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Time to Lean, Time to Read


One often heard mantra from my old food service days (check out resume references from the late ‘80s) was, “If you’ve got time to lean, you’ve got time to clean.” Managers regularly prodded line workers to clean instead of stand around during slow periods. Applying this philosophy to reading, I now believe, “If you’ve got time to lean, you’ve got time to read.”

I am packing for the NCTE Conference this week, and besides tracking down my coat (it is twenty degrees colder in NYC than Texas), I am selecting books to read on the trip. Currently in the pile- Jeremy Fink and the Meaning of Life by Wendy Mass and A Lesson Before Dying by Ernest J. Gaines. Sadly, I cannot read on moving transport (motion sickness) so reading on planes and shuttles is out, but I know I will spend plenty of time waiting in airports and conference rooms. Prime reading time!

I am suspicious when people tell me that they “do not have time to read”, and even more shocked when teachers tell me that they do not have time in class for students to read a self-selected book. I capture a substantial amount of time for my students to read each day. Students read while they are waiting in line to be dismissed, waiting for class pictures, or when an interruption such as a phone call halts instruction. These moments can stack up significant reading time for students. Disruptive behavior during unstructured time becomes a non-issue, too.

I have also abandoned “warm-ups” and “when you are done” activities. I have yet to find a research proven reason for asking students to edit sentences or write journal entries for a class opener- same for those fun folders for the fast finishers. When students walk into my class, they start to read. Reading is the best way to warm-up for my class, and prepares students for instruction that circles back to their own books. If some students finish class work early, I encourage them to grab a few more precious minutes of reading time.

Recently, at a curriculum writing meeting, a colleague was alarmed when I told her I did not provide extra activities for students to complete when they finished class assignments. “Don’t you think students will rush their work in order to get back to their books?” I waited for a beat, and replied, “Lord, I hope so!”


It's not so much, at least at the 5th grade level in which I teach, that we do not have the time to give them for independent reading. It's that when given independent reading time they will do everything they possibly can NOT to read, i.e., go to the bathroom, get a drink of water, fool around with their friends,and even "pretend" read, even when allowed to choose their own independent reading material. We currently have a new Balanced Literarcy Program in our District that allows for much free reading time but to them that equates to just "free time". Parents have raised a bunch of "lazy" readers with this generation - they are all about computers, technology and things that can be done within minutes, not hours or even half hour blocks of time!

I agree with you 100%+! Reading is the way to grow!!! And as for your reply about children finishing early just to read ---Lord, I hope so too!!!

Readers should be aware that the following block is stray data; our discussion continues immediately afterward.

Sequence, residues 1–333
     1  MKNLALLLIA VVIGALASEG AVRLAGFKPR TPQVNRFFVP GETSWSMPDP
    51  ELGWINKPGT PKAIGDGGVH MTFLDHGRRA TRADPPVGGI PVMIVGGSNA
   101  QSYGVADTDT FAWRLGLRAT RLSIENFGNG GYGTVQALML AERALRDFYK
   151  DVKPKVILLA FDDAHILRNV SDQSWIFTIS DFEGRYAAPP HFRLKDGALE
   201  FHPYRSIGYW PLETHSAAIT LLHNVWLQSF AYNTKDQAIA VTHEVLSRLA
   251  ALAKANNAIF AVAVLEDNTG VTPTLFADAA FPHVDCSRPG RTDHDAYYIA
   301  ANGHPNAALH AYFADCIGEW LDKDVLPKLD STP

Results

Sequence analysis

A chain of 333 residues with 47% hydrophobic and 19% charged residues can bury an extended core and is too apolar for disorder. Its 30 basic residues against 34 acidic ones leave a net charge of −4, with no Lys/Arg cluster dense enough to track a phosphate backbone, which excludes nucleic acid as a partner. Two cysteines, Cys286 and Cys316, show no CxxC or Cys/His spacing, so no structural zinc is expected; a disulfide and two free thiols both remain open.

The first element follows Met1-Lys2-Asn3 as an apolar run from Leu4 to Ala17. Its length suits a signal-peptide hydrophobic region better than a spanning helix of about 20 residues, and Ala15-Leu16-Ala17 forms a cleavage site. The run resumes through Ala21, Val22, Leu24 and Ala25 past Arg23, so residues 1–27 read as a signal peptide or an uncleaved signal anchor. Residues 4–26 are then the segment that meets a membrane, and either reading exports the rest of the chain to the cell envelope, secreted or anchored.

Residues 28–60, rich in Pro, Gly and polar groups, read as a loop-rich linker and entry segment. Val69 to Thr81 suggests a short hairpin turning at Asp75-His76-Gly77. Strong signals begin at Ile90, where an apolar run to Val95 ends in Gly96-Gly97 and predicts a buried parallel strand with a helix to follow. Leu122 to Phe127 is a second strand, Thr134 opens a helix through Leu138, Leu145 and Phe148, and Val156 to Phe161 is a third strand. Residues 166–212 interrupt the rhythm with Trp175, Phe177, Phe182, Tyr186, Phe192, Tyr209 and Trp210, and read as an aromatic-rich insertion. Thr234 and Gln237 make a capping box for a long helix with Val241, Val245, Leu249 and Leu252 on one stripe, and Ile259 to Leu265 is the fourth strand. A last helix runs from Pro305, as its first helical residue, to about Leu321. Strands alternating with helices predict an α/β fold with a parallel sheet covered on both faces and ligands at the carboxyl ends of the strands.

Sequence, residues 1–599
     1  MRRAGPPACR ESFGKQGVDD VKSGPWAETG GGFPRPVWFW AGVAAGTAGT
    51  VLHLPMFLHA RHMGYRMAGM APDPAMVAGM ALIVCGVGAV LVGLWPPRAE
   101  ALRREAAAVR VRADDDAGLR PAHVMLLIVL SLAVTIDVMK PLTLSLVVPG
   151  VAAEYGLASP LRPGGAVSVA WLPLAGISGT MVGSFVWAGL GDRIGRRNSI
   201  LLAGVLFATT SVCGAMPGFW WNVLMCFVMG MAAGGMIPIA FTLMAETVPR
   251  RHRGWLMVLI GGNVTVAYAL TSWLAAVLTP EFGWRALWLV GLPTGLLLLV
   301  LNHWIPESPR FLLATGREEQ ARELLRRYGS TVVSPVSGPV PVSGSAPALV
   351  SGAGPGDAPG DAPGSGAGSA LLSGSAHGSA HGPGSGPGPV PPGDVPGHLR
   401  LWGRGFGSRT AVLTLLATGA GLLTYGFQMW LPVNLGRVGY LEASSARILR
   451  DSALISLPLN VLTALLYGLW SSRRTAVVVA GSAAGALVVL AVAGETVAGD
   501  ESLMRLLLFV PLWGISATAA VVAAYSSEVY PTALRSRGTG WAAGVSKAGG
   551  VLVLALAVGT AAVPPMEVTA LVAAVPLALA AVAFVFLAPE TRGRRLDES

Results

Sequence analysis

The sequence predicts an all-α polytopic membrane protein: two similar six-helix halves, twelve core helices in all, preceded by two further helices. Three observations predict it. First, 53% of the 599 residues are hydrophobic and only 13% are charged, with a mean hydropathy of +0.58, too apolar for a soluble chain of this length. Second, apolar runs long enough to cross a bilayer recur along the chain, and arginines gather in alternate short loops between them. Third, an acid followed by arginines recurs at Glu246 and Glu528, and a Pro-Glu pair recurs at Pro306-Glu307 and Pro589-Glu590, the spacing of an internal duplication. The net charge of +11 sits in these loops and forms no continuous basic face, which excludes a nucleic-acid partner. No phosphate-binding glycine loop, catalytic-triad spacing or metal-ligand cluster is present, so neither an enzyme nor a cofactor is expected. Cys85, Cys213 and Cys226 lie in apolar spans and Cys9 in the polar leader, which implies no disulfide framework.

I am a 7/8 language arts teacher who has worked in the same school for the past ten years. Like you, my students have the luxury of picking up their books when they finish an assignment, as well as when they are waiting for clss to begin. Because of a 43 minute schedule, I do not have a lot of time to take from instruction. The way I've overcome this is to work my kids to the bone Monday -Thursday, and save Friday for "Reading Day." I don't have the trouble of kids looking for other things to fill their time because they don't want to read. I read with them, and the expectation is there. They only interrupt when it is an absolute emergency to use the restroom, or they are needing clarification with a word or sentence in their own reading. Lately, I have had to justify this practice with the administration team, as many don't believe that this is instructionally sound practice. Ask any one of my students, many of whom never completed an entire book prior to being in my classroom, and they will tell you differently. Just yesterday one of my seventh graders shared with me that she only read four books in sixth grade, and she is on number fourteen for the year! This is the lifelong love of books we are missing in this NCLB world...and this is the one thing I am unwilling to bend on in my own classroom.

Ditto on everything I have read so far. I am a middle school Special Ed. ELA teacher. My administration has forbade the reading of class novels, feeling that it will take away from invaluable instructional time, and yet students love the sense of accomplishment that finishing a book gives. What does take away from instructional time is doing pointless "Do Nows" to settle a class down. I have also instituted independent reading as my daily "Do Now," and will continue this until I'm told I'm no longer allowed to.

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Recent Comments

  • Karl Haye: Ditto on everything I have read so far. I am read more
  • Angie: I am a 7/8 language arts teacher who has worked read more
  • Karen, 7th Grade Language Arts teacher in NC: I agree with you 100%+! Reading is the way to read more
  • Pat: It's not so much, at least at the 5th grade read more



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